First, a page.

Yeah, I do want something pretty so your bare-bones solution isn't going to work for me. I'm moving away from using tiles for a lot of my maps now because it ends up being too restrictive and it's hard on players' computers/connections if you really go to town with it. So I think I'd probably have a flat battlemap with dynamic lighting done for everywhere that isn't a "crossing"; and then little tiles that can be bumped in for the alternate views of the crossings. I guess it would something like this: Drop in main battlemap Draw/import dynamic lighting paths for everywhere that isn't a crossing !define-elevation 1 Draw dynamic light paths for the 'default view' (i.e. the passages shown on top by the battlemap) Script would save these as dynamic light for elevation "1" !define-elevation 2 Drop tiles over the crossings to show the underneath paths. Draw dynamic lighting paths for these. Script would save both the tiles and the dynamic light paths !set-elevation 1 - script bumps all DL and tiles for elevation 2 to the GM layer !set-elevation 2 - script bumps all DL for elevation 1 to GM layer, bumps tiles and DL from GM layer to relevant layers for elevation 2 It's not actually a particularly complex script to write, I'm just not sure I have time right now. Maybe if it pours with rain for the next 3 days and I can't get outside I'll have a stab.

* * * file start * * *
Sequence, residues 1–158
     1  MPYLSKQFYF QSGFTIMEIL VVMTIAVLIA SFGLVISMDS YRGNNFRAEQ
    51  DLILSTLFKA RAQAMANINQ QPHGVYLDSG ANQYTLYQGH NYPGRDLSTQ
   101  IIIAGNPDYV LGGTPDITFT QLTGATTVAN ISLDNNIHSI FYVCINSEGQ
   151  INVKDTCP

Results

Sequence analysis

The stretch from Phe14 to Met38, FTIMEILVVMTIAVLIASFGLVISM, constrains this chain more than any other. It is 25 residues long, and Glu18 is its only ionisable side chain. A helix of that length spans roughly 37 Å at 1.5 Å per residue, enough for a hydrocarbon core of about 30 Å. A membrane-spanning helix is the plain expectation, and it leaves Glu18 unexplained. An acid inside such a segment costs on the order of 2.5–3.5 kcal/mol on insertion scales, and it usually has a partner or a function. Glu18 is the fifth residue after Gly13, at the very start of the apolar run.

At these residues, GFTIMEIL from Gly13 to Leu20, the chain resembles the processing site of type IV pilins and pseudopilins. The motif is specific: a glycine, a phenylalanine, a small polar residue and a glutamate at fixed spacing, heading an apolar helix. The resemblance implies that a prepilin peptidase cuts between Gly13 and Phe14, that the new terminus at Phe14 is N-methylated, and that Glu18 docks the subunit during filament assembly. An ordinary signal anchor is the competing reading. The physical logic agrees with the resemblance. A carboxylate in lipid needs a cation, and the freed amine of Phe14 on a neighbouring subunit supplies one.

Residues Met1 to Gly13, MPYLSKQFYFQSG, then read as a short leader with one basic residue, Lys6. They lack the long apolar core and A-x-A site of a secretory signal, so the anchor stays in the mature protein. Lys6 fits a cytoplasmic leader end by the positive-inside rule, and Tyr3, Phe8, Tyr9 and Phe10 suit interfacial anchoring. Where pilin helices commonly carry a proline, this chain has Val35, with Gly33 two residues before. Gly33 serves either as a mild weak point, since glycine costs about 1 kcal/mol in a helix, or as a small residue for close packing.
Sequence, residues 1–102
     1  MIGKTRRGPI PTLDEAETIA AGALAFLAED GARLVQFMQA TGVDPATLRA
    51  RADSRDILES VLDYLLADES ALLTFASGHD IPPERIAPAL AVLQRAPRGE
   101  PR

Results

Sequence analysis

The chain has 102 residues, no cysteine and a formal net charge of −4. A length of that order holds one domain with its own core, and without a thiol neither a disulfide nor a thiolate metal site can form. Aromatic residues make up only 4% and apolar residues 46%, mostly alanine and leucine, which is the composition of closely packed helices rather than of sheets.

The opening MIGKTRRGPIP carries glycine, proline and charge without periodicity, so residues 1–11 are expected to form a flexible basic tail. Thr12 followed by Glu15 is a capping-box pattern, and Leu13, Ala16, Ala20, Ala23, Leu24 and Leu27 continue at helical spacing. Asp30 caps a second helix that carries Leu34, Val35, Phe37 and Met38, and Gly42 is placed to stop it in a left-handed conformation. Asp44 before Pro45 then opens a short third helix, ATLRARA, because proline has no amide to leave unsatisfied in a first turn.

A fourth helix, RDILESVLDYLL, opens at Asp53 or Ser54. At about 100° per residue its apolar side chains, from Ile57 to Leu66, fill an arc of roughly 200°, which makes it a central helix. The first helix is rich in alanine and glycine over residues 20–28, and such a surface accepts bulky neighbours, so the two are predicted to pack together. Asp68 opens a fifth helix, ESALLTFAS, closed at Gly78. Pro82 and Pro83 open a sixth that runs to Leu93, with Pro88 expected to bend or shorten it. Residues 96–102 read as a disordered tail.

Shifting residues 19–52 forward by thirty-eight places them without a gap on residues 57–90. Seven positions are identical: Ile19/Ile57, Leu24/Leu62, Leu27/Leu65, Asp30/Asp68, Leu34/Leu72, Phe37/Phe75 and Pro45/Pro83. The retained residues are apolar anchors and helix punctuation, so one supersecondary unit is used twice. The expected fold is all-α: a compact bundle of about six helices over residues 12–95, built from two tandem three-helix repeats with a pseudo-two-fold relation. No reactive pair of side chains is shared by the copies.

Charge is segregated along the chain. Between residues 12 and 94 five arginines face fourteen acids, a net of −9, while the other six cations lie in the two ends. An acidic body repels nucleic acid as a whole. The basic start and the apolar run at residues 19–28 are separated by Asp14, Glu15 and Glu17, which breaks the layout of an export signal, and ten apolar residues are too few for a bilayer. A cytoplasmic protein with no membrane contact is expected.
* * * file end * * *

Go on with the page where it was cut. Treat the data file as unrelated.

Nice, I like the idea/method of the Fix-It tiles coming in, for intersections only, on an otherwise flat-map. Here's to a good early spring rainfall! Happy coding, if you undertake it. I know a lot of people are interested in "one way dynamic lighting walls" for purposes of elevations -- but they usually mean for Cliffs, staircases, overlooks, rather than tunnels/underpass. There are Suggestions requesting that feature; and workaround ideas for accomplishing that (on the forum), letting players see "the other side" with a Torch token for example. That just does not apply neatly to underpass tunnel situations where you want them to see what they're moving through and not see the overlapping area. So as far as I know it would probably be a novel new script idea. I'm sure others from the community will be joining in with more feedback here soon.